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Am J Med Genet A. 2019 Dec;179(12):2343-2356. doi: 10.1002/ajmg.a.61342. Epub 2019 Oct 29.

Duplication 2p16 is associated with perisylvian polymicrogyria.

Author information

1
Neurogenetics Unit, Montreal Neurological Institute and Hospital, Montreal, Quebec, Canada.
2
Department of Neurology & Neurosurgery, McGill University, Montreal, Quebec, Canada.
3
Department of Neurology, Hôpital Universitaire des Enfants Reine Fabiola (HUDERF), Université Libre de Bruxelles (ULB), Brussels, Belgium.
4
Division of Epilepsy & Clinical Neurophysiology, Children's Hospital, Boston, Massachusetts.
5
Department of Neurology, Children's Hospital, Boston, Massachusetts.
6
Ludmer Centre for Neuroinformatics and Mental Health and the Department of Biomedical Engineering, McGill Centre for Integrative Neuroscience, McGill University, Montreal, Quebec, Canada.
7
Department of Medical Genetics, Hôpital Erasme, Université Libre de Bruxelles (ULB), Brussels, Belgium.
8
Department of Human Genetics, McGill University, Montreal, Quebec, Canada.
9
Genome Quebec Innovation Center, McGill University, Montreal, Quebec, Canada.
10
Epilepsy Research Group, Montreal Neurological Institute and Hospital, Montreal, Quebec, Canada.
11
Department of Pediatrics, McGill University, Montreal, Quebec, Canada.
12
Division of Genetics and Manton Center for Orphan Disease Research, Children's Hospital, Boston, Massachusetts.
13
Howard Hughes Medical Institute, Harvard Medical School, Boston, Massachusetts.
14
Department of Pediatrics (Genetics) and Neurology, University of Washington, and Seattle Children's Research Institute, Seattle, Washington.

Abstract

Polymicrogyria (PMG) is a heterogeneous brain malformation that may result from prenatal vascular disruption or infection, or from numerous genetic causes that still remain difficult to identify. We identified three unrelated patients with polymicrogyria and duplications of chromosome 2p, defined the smallest region of overlap, and performed gene pathway analysis using Cytoscape. The smallest region of overlap in all three children involved 2p16.1-p16.3. All three children have bilateral perisylvian polymicrogyria (BPP), intrauterine and postnatal growth deficiency, similar dysmorphic features, and poor feeding. Two of the three children had documented intellectual disability. Gene pathway analysis suggested a number of developmentally relevant genes and gene clusters that were over-represented in the critical region. We narrowed a rare locus for polymicrogyria to a region of 2p16.1-p16.3 that contains 33-34 genes, 23 of which are expressed in cerebral cortex during human fetal development. Using pathway analysis, we showed that several of the duplicated genes contribute to neurodevelopmental pathways including morphogen, cytokine, hormonal and growth factor signaling, regulation of cell cycle progression, cell morphogenesis, axonal guidance, and neuronal migration. These findings strengthen the evidence for a novel locus associated with polymicrogyria on 2p16.1-p16.3, and comprise the first step in defining the underlying genetic etiology.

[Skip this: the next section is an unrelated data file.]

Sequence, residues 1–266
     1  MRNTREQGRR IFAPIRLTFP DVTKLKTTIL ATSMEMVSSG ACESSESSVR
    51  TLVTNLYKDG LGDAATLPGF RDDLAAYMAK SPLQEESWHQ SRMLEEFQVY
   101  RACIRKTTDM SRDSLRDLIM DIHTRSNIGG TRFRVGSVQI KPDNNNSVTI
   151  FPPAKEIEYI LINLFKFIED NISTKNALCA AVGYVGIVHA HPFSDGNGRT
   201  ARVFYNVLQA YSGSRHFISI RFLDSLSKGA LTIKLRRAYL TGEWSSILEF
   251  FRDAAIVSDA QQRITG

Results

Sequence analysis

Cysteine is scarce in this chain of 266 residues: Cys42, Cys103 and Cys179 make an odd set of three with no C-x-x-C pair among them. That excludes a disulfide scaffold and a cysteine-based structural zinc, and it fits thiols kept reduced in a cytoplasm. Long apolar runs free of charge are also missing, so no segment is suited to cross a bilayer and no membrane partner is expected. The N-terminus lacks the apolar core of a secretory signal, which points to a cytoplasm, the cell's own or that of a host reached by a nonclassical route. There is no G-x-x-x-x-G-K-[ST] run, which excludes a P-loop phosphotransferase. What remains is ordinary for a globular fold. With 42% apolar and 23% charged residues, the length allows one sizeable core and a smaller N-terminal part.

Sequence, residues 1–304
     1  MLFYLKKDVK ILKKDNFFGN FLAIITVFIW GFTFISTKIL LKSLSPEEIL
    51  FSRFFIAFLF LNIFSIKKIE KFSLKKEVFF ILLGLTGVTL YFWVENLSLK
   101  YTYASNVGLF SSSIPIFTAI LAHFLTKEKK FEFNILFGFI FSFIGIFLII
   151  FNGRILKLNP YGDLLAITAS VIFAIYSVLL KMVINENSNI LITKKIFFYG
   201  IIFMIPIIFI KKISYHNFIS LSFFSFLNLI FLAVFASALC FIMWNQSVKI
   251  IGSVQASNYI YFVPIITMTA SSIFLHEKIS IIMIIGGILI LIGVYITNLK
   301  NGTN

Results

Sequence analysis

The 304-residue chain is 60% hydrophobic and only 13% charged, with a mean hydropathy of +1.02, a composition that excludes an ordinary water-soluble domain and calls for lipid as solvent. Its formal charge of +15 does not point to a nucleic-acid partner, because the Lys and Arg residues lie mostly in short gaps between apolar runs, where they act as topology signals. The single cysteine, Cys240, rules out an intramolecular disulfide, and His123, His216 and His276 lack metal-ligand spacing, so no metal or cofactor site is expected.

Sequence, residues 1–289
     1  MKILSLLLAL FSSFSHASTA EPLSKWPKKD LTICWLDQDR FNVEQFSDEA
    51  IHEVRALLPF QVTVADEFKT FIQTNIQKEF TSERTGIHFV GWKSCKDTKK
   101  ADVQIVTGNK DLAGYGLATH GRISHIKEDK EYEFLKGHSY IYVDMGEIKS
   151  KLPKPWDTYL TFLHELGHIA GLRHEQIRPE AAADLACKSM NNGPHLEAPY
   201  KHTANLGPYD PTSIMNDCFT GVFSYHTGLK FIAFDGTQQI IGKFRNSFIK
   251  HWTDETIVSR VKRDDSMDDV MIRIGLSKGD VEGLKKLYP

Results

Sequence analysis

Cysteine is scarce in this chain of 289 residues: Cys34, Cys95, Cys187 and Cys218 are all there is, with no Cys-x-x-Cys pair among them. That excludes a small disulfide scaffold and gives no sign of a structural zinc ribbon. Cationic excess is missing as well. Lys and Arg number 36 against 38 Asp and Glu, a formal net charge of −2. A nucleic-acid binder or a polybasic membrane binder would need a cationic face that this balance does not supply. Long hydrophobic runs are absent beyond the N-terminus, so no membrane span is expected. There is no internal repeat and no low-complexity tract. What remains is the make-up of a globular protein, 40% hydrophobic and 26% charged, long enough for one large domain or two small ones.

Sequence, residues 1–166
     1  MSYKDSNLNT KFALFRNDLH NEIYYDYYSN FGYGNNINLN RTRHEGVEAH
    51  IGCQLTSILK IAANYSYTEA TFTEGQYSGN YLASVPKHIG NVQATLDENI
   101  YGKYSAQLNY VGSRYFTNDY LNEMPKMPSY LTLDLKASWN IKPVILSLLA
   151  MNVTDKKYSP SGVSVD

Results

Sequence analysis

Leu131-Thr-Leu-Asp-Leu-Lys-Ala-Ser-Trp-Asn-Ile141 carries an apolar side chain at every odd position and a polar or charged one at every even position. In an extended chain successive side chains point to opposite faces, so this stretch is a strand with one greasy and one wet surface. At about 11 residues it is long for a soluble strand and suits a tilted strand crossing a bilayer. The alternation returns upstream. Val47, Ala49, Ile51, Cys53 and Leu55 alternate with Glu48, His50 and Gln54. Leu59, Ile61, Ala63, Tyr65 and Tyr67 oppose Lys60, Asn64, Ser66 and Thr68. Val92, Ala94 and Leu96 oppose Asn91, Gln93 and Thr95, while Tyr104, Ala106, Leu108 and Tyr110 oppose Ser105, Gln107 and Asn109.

KEYWORDS:

chromosome 2; duplication 2p16.1-p16.3; growth retardation; intellectual disability; polymicrogyria

PMID:
31660690
DOI:
10.1002/ajmg.a.61342

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